John McEnroe is beautiful. There. It's in cold type. Give the guy this: with a tennis racket in hand, he is beautiful. Today's work, which we'll get to, is evidence beyond question. Right here at the start, though, we have a late-breaking story from the newsroom.
Bulletin, bulletin. Attention, Mr. and Mrs. America and all the ships at sea. This is a news flash from Johan Kriek, sometimes known as Johan Creep, the famous tennis player who today lost to John McEnroe, sometimes known as John McEnrage. Extra, extra, read all about it, "Wimbledon Loves Dear John, Favors Him Over All Others."
For the first time in anyone's memory, it has been suggested that Wimbledon has a double standard of behavior which enables it to look the other way whenever McEnroe causes a ruckus.
Only last year, remember, the Wimbledon pooh-bahs twice penalized McEnroe a point for being a bad boy. They wouldn't ask him to join their club, as they have every other champion, and they didn't give him his trophies until last week. He also was fined $5,000.
But now comes Johan Kriek in the wake of his embarrassing loss to McEnroe today--winner of the first set and ahead, 4-2, in the third, he lost in four sets as McEnroe won 11 of the last 15 games--to tell us that the august All England Lawn Tennis and Croquet Club lets McEnroe get away with crimes for which lesser people, some named Johan, are chastised.
"I swear to myself under my breath, say 'damn' or 'hell,' and a linesman runs to the referee and complains," Kriek said. "But McEnroe slams balls into the net and nothing happens. It is just ridiculous. They cater for him. I asked for the referee when nothing happened after he hit the ball into the net at full speed. I was told that the ball had to be hit in anger.
"I said, 'Oh, he hit that with a smile?' The logic is gone there. There are double standards here."
Well, well. It happens. McEnroe even today was warned by the chair umpire for "abuse of equipment." McEnroe had committed the heinous crime of banging his racket against his chair. His sensibilities offended by the reprimand, McEnroe held the racket up for inspection by the umpire.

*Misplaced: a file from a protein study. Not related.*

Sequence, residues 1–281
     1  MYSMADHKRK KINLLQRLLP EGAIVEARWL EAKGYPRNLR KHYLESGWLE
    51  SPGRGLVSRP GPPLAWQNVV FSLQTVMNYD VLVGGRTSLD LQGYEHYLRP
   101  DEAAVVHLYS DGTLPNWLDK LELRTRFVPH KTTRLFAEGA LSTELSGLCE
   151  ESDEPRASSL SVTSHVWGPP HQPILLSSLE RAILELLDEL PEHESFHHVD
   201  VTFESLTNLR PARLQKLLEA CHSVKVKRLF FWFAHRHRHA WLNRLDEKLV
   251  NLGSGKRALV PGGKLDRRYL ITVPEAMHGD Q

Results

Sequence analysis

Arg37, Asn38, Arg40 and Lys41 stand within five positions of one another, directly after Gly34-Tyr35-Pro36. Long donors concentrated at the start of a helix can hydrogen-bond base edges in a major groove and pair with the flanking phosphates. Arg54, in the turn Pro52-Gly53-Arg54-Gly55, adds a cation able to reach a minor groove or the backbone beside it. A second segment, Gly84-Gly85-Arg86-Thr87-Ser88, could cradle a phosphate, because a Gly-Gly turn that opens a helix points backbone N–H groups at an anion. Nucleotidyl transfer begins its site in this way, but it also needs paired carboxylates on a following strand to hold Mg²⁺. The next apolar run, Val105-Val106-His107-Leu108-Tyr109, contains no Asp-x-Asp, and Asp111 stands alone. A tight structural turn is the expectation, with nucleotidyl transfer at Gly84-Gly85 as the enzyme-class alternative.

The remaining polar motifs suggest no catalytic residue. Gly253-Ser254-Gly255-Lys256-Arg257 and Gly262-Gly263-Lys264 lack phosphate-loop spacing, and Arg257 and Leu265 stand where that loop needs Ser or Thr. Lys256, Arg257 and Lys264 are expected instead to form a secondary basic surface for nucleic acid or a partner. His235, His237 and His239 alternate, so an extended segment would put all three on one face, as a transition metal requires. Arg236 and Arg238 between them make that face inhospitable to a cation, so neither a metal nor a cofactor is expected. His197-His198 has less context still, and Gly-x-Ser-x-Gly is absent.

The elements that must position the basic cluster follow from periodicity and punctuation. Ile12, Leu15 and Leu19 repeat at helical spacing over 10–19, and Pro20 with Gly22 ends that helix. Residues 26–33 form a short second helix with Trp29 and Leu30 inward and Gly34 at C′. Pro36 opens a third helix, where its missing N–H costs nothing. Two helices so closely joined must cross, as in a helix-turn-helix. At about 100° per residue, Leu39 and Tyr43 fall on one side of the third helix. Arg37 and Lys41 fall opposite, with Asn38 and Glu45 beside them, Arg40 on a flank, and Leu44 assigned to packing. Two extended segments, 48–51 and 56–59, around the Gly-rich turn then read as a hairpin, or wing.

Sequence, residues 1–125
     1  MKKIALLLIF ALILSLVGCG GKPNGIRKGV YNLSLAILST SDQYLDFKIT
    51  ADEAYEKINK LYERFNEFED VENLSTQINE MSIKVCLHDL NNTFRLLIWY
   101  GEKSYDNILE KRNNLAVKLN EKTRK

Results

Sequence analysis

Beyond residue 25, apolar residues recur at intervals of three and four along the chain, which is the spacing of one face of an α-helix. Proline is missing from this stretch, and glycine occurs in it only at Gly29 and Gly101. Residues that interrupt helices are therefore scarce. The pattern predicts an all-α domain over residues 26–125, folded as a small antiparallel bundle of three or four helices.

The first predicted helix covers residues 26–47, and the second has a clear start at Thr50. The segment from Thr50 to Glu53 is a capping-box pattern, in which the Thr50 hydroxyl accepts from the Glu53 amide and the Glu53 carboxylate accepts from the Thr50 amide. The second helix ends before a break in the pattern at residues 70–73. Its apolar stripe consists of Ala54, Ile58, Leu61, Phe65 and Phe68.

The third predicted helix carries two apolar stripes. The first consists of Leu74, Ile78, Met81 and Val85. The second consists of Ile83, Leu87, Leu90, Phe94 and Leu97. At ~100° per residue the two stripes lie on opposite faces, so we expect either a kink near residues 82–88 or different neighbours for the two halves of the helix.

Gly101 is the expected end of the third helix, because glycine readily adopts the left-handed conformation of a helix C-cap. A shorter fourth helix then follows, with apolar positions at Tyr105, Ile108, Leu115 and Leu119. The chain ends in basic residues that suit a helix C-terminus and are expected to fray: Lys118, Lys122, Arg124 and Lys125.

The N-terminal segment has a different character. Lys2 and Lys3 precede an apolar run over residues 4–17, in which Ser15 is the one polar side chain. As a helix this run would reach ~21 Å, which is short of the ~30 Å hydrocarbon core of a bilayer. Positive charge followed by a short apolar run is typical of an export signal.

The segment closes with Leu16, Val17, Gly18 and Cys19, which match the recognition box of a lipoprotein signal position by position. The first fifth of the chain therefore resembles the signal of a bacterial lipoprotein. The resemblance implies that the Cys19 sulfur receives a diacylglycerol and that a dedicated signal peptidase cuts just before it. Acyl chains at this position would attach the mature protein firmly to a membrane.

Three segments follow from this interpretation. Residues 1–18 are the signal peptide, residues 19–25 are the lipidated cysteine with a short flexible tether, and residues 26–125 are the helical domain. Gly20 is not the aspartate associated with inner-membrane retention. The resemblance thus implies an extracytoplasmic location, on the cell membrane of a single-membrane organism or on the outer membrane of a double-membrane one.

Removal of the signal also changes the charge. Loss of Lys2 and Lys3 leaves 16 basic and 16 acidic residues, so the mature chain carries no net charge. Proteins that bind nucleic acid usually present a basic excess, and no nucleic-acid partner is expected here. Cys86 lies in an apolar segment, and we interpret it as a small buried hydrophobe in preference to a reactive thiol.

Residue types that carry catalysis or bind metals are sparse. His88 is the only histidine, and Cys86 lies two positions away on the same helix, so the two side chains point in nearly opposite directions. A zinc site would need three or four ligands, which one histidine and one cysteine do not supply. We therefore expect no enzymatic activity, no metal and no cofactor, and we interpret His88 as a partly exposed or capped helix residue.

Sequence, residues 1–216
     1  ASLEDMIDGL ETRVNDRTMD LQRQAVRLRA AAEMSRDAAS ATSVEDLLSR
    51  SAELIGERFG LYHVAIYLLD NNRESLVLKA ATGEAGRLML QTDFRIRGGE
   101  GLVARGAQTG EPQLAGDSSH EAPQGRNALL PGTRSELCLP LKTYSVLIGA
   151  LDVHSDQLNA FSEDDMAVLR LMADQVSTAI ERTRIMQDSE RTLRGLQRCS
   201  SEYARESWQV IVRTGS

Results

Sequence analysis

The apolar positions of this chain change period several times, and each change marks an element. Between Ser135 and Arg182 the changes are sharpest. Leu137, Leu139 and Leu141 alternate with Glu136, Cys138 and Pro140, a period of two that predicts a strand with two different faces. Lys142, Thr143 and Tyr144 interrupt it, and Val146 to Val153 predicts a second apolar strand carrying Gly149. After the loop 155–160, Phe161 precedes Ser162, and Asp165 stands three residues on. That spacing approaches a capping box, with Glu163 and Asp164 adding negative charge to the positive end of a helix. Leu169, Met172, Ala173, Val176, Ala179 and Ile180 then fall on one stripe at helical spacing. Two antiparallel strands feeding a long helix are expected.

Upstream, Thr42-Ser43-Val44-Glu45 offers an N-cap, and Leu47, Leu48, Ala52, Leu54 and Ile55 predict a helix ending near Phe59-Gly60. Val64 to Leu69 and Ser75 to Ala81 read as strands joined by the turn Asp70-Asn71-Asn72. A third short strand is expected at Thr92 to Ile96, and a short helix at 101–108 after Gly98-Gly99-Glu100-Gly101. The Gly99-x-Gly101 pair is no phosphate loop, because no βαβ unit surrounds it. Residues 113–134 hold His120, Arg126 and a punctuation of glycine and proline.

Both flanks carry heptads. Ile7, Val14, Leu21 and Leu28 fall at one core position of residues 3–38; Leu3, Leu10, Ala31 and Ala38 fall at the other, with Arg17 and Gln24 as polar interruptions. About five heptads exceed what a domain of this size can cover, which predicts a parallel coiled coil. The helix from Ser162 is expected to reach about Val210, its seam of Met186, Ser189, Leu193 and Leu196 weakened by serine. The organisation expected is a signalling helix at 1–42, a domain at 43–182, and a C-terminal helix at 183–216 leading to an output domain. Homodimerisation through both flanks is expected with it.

"Anything wrong with this racket?" asked McEnroe, whose father is a lawyer and may be responsible for passing along genes that encourage argument.
"Equipment does not have to be damaged, Mr. McEnroe, for there to be abuse," the umpire said.
At which point, McEnroe chose the course untraveled here last summer. He passed up a good fight. He has the right to be silent, and he at long last exercised it.
Coming into town two weeks ago, McEnroe said he wanted to avoid the travail of last summer. He had a brief flare-up in a doubles match when he argued a call for five minutes, causing the 2,000 spectators to slow-clap in European disgust. Otherwise, McEnroe has been a good guy by any standard for competitive athletes under pressure. A few oaths uttered aloud, a few balls struck in anger.
This time, tennis. "You can always find technical faults in McEnroe's game," said Vijay Amritraj, a second-tier pro respected for his judgments of the tour. "He's such a genius that he performs so well, but he always has a loose wrist, he doesn't bend for his volleys. You know, the perfect strokes in the game.
"I don't think McEnroe does it like that. That's why he's so great. He can just play any ball on the shoestrings or behind his back."
Tim Mayotte followed McEnroe to Stanford University and, like McEnroe, won the NCAA championship. Someone wondered how they compared. Mayotte, now 21, had won a fourth-round match here and with another victory would face McEnroe in a semifinal.
"I wouldn't . . . er, I couldn't . . . I mean, he's a great player," Mayotte said, embarrassed by the suggestion he should even think of comparing himself to a 23-year-old tennis genius who already has won three U.S. Opens, a Wimbledon and almost $4 million.
His victory over Brian Teacher now puts Mayotte against McEnroe. So someone asked if he would work on McEnroe's weaknesses.
"You know any?" he asked.
Forget Johan Kriek. He beat McEnroe last winter in an indoor tournament at Memphis. He thought he could do it here. He didn't have a prayer, even holding that 4-2 lead with a set each. McEnroe won the last four games of that set, then moved ahead, 4-3, in the fourth set.
At deuce on Kriek's serve, Kriek, who is very strong, ripped a backhand cross court to McEnroe's forehand corner.
Maybe Bjorn Borg is fast enough to have reached that roaring shot. McEnroe certainly is, because on the run he fetched a towering lob to Kriek's base line.
Kriek fired an overhead with first-serve velocity.
Somehow, and only the geniuses know how, McEnroe not only found a spot to intercept the flight of the ball, he also crushed a forehand return.
It wasn't over yet, for Kriek sent a backhand down the line to McEnroe's backhand corner. Following the shot in, Kriek was at the net awaiting McEnroe's feeble return.
Except that McEnroe made no feeble return.
Again on the run, with a flick of his wrist--a powerful snap of his wrist, really--he hit a top-spin backhand that flew past Kriek and bounced within an inch of the sideline.
As Kriek turned to see the ball eluding him, McEnroe bounced up and down, as if on a trampoline of perfection, and you knew right then that one of these fellows was a better player than the other.